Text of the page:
Todd Moenster with family

Todd Moenster with his wife, Cherie, and son, Alexander.

Jefferson County native Todd Moenster has a job not many others can claim.

Moenster, 44, spends many of his days soaring the skies in a Northrup Grumman B-2 Spirit, better known as a stealth bomber.

“There are only 20 stealth planes in the Air Force,” he said.

Moenster, a U.S. Air Force lieutenant colonel, said he feels privileged to pilot such a state-of-the-art flying machine.

“The experience is a very humbling one,” he said. It’s difficult to explain. You’re doing a mission of great importance to the country. It’s a very exciting job. It’s challenging.”

In some ways, flying the B-2 is like piloting other airplanes, Moenster said.

“What’s unique is its stealth capability and its ability to project firepower long distances.”

It’s an exhilarating job, he said.

“It is fun. It’s exciting,” he said. “There are things you see and do other people don’t get to experience.”

Moenster graduated in 1995 from Grandview High School, whose mascot is the Eagles. He flies out of Whiteman Air Force Base in Knob Noster on the western side of Missouri, where he lives with wife Cherie and their 9-year-old son.

He said piloting the B-2 requires physical and mental toughness.

“There are long missions, upwards of 30 hours in the air at a time,” he said. “You’ve got to have the physical ability to fly for a very long time and the mental ability for making quick decisions.”

Moenster earned an appointment to the U.S. Air Force Academy in Colorado Springs, Colo., graduating in 1999. He has served in the Air Force ever since.

In 2017, he was deployed to Afghanistan and flew 60 combat missions in a communications and electronics warfare plane called the E-11 Sentinel.

Moenster said he also has flown T-37 and T-38 trainers and the B-1 Lancer.

He said he has avoided flying mishaps, but is aware of the dangers of his profession.

“I’ve been very fortunate,” Moenster said. “I’ve had colleagues injured while ejecting, some killed in combat and in training.”

His parents, Jerry and Ginger Moenster of Dittmer, said they are proud of their son and his accomplishments.

“It’s been an amazing journey for him,” Ginger said. “He knew since sixth grade he wanted to be a pilot in the Air Force.

Jerry, a retired Grandview R-2 School District superintendent, said he can pinpoint his son’s interest in flying to a specific event.

“He went to an air show at Scott Air Force Base (in St. Clair County, Ill.) and wanted to become a pilot.”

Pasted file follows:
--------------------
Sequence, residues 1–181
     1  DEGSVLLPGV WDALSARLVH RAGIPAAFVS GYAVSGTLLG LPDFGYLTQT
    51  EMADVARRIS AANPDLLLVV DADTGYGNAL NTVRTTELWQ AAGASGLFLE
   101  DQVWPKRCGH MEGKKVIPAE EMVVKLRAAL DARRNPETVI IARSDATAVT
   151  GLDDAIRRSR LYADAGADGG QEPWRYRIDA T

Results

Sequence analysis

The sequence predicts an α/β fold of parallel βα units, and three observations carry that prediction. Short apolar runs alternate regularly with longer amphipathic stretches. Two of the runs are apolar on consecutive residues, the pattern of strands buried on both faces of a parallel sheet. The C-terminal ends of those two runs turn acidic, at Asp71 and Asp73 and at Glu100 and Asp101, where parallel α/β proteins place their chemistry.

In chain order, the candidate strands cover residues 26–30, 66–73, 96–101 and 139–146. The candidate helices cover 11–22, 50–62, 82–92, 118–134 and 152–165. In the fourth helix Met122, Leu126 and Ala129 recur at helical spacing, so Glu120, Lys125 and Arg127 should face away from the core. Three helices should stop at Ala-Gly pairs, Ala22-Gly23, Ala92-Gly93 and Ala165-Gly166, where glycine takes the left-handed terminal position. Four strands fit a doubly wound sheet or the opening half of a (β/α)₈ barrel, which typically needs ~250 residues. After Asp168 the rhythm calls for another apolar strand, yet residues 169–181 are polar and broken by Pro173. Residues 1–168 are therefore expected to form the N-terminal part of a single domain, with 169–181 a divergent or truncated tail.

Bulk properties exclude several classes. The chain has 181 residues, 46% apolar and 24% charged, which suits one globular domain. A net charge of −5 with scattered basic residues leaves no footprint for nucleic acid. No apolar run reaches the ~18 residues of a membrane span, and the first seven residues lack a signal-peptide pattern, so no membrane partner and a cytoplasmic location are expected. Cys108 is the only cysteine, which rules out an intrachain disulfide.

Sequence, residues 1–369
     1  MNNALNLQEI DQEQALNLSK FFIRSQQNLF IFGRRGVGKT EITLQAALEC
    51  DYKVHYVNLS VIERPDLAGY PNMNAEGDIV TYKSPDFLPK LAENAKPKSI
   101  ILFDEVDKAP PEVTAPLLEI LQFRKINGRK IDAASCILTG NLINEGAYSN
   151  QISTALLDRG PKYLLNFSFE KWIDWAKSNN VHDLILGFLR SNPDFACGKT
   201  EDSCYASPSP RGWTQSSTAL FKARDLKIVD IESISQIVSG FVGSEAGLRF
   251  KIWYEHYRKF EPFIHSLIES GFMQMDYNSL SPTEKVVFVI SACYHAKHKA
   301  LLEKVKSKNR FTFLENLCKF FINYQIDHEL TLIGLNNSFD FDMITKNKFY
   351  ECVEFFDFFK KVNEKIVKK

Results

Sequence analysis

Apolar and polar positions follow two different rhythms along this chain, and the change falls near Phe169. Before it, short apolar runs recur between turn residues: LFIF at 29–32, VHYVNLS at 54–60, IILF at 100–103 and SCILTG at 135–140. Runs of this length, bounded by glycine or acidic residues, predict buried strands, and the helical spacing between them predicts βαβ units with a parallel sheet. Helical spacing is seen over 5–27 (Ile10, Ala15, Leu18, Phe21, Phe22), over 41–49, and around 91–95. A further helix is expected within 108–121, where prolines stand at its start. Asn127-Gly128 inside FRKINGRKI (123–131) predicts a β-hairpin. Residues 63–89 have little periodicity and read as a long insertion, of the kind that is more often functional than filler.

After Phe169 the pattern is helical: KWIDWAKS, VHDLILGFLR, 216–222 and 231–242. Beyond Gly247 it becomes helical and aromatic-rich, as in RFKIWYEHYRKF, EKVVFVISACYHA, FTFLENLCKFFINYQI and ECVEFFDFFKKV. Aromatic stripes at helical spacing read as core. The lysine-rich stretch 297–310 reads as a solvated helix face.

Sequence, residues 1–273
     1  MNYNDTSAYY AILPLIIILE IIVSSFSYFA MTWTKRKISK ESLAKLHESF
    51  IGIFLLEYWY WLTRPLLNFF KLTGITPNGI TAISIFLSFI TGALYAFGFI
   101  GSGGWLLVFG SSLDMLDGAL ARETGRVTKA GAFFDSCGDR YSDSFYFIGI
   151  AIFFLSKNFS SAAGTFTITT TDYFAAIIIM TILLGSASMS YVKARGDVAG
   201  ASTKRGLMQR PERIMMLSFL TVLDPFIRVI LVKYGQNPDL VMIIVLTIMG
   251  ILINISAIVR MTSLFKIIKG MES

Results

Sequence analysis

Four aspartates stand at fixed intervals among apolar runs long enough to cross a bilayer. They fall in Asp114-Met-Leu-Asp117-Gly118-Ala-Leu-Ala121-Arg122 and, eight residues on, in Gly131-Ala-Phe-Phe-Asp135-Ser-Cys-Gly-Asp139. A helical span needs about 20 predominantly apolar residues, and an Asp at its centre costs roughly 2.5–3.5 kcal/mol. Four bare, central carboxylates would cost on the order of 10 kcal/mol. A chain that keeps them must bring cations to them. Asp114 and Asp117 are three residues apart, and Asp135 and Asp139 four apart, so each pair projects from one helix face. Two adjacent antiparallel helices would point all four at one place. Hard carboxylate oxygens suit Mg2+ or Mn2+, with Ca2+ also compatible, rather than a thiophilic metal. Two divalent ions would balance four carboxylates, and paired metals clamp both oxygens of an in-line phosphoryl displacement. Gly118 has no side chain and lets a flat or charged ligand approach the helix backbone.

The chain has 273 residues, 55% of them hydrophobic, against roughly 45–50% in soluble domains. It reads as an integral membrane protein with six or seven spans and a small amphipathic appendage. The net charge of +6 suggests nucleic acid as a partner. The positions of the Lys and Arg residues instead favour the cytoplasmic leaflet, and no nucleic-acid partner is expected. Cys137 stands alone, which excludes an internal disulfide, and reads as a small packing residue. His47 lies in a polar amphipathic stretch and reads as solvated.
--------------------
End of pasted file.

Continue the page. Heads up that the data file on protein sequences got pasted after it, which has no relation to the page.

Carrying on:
Moenster said he recalls going to that air show.

“Absolutely, that was one of my seminal moments growing up,” he said. “I went to an air show with one of my friends. I was awestruck. I dedicated myself to reaching that goal.”

After graduating from the Air Force Academy, he proceeded to pilot training, and while he had no flying experience, he said he liked to play flight-simulator video games.

“(Graduating from the Air Force Academy) opened the door to pilot training,” Moenster said. “I had no flying experience at all.”

He said pilot training is no picnic.

“No matter how sharp you are, you’ll struggle,” he said. “You’ll have flights that don’t go as well as you like.”

However, Moenster said he would encourage his son to be an Air Force pilot if he wanted to, and he urges all young people to chase their dreams.

Moenster not only has a bachelor’s degree from the Air Force Academy, but also a master’s degree in international relations from Troy University in Alabama, and he recently earned a second master’s in history from Harvard University’s Extension School.

“It’s part of Harvard University,” he said. “The courses were a combination of online and in school. I would take commercial flights to classes (in Cambridge, Mass.) It took three years to complete the master’s.”

Moenster plans to retire from the Air Force in 2022 and is contemplating his next career.

“It’s been a rewarding career,” he said. “I’ve been in the military since I was 18, and I’ll retire after 23 years active service.

“Now, I’m looking for a job in the private sector. Not as a pilot. I’m looking at education, to teach at the college level, or something with a defense contractor in the (Kansas City area).”

Moenster said he would like to keep living on the west side of Missouri, where his wife is from.

However, he said he regularly visits Jefferson County.

“I come home every couple of months,” Moenster said. “I always enjoy seeing friends and family who are there.”

He credits people from Jefferson County with helping him achieve his goals. “If you work hard and have some kind of a goal in mind, there are people – like the teachers at Grandview – who will help you along the way. I certainly feel I wouldn’t have made it without their support,” Moenster said.